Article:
2nd UPDATE: Spider-Man Back In Previews Wednesday Night

2ND UPDATE: A spokesman for the musical said that preview performances will resume tomorrow night. “Occupational Safety and Health Administration, Actors Equity and the New York State Department of Labor have met with the Spider-Man company today to discuss additional  safety protocols.  It  was agreed that these measures would be enacted immediately. Tomorrow’s matinee has been postponed and will be rescheduled. Tomorrow evening’s, and all subsequent performances will proceed as scheduled.” Inspectors cited “human error” as the explanation for the latest mishap.

UPDATE: New York Post columnist Michael Riedel has now confirmed that Spider-Man: Turn Off the Dark was shut down today following the fourth injury suffered during preview performances. Actors Equity confirmed that State Department of Labor investigators are once again scrutinizing whether the show can be performed safely.

EARLIER: Another preview of Spider-Man: Turn Off the Dark ended last night with yet another cast member injured. This time, an actor fell into the orchestra pit, and the performance was halted just short of completion. That makes four performers injured during the early preview performances of a musical directed by Julie Taymor with music and lyrics by U2’s Bono and The Edge. Accidents on action-laden feature films sometimes happen–an extra was left disabled and disfigured in an accident on the set of Transformers 3 earlier this year–but how long before Spidey’s creatives think about toning down the sophisticated acrobatics and onstage stunts before somebody gets really hurt? People don’t go to the theater to see the visual effects extravaganza that will be evident in the 3D Spider-Man movie that Sony Pictures Entertainment just put into production. There is plenty of conflict and appeal in the Peter Parker story. Taymor’s achievement in turning The Lion King into a visual extravaganza is a hard act to follow, but maybe this is too ambitious and the priority should be in making the book as good as it can be, because an original score by two rock geniuses has got to be great. Leave the cutting-edge  stunts and visual effects to Hollywood, which only has to get a tough scene on film once. It’s just too much to expect performers to execute on a nightly basis, unless it’s Cirque du Soleil. It will also be extremely difficult to transfer this musical to other cities and countries, if the expert technicians who work on Broadway are having this much trouble. This $65 million show, whose opening was postponed from January 11 to February 7 so these bugs can be worked out, will live or die based on the tunes, the narrative arc and the performances.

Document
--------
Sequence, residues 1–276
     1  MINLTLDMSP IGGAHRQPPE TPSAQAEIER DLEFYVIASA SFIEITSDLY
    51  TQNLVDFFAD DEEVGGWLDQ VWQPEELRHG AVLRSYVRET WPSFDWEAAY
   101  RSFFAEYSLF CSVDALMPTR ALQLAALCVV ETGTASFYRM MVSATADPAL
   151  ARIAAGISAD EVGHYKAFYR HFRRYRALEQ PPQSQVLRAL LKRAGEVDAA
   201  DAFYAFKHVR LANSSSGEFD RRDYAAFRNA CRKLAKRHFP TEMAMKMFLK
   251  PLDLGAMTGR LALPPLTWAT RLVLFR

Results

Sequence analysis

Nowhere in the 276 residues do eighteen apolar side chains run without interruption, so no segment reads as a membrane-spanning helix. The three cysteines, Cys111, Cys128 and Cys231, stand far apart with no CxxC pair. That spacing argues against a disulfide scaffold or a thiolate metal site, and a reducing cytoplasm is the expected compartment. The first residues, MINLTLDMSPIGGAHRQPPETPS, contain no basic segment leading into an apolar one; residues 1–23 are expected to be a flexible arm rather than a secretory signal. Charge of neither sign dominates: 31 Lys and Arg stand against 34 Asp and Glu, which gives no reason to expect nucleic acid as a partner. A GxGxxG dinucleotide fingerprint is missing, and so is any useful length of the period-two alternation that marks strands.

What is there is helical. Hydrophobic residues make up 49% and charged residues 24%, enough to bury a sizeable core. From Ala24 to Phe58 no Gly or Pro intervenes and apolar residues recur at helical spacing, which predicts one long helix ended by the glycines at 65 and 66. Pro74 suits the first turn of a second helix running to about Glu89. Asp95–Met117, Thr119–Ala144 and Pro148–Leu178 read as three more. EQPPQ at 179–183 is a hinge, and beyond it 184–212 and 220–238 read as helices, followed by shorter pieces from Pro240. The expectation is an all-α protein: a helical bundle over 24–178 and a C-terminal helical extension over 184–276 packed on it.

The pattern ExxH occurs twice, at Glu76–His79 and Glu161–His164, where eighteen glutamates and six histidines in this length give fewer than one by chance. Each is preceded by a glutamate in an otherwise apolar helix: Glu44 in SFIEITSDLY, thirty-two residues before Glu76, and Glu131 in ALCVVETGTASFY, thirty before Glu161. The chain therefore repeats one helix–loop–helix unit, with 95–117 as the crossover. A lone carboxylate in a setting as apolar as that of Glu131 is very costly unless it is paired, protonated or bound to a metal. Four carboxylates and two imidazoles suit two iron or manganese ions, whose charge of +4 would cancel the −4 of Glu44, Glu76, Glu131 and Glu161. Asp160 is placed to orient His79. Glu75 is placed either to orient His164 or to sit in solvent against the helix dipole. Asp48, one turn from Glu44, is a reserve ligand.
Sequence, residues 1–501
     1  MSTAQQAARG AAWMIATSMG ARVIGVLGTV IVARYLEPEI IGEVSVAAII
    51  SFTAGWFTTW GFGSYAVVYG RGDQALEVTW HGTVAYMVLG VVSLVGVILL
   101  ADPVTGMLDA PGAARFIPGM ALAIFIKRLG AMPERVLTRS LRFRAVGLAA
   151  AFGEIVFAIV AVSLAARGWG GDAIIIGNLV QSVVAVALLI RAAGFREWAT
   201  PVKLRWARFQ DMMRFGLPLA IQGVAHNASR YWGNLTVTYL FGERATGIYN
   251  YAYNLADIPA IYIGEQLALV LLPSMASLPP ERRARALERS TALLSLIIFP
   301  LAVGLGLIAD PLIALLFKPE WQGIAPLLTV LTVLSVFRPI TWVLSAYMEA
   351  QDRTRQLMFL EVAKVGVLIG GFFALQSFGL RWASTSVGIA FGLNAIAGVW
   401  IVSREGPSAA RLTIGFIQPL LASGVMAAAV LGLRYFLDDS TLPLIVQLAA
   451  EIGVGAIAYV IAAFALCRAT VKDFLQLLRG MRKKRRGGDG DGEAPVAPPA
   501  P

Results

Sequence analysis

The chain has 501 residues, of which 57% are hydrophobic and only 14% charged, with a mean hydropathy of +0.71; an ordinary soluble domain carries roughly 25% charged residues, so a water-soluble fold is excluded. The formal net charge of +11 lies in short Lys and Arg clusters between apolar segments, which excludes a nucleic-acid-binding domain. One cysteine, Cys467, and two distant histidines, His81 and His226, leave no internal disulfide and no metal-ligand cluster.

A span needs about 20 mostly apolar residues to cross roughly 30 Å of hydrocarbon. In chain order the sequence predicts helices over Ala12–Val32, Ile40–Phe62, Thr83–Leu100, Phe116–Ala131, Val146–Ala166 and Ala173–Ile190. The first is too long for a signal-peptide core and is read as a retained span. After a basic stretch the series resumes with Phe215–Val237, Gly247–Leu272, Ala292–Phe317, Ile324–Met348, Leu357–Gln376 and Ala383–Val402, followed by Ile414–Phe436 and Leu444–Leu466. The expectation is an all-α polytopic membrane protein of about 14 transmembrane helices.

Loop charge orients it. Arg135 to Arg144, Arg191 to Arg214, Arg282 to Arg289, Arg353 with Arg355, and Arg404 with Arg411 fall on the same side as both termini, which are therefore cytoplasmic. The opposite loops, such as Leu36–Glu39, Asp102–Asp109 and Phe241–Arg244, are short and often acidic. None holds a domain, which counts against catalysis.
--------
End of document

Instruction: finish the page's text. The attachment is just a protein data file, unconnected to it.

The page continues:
This article was printed from https://deadline.com/2010/12/spider-man-turn-down-the-stunts-92173/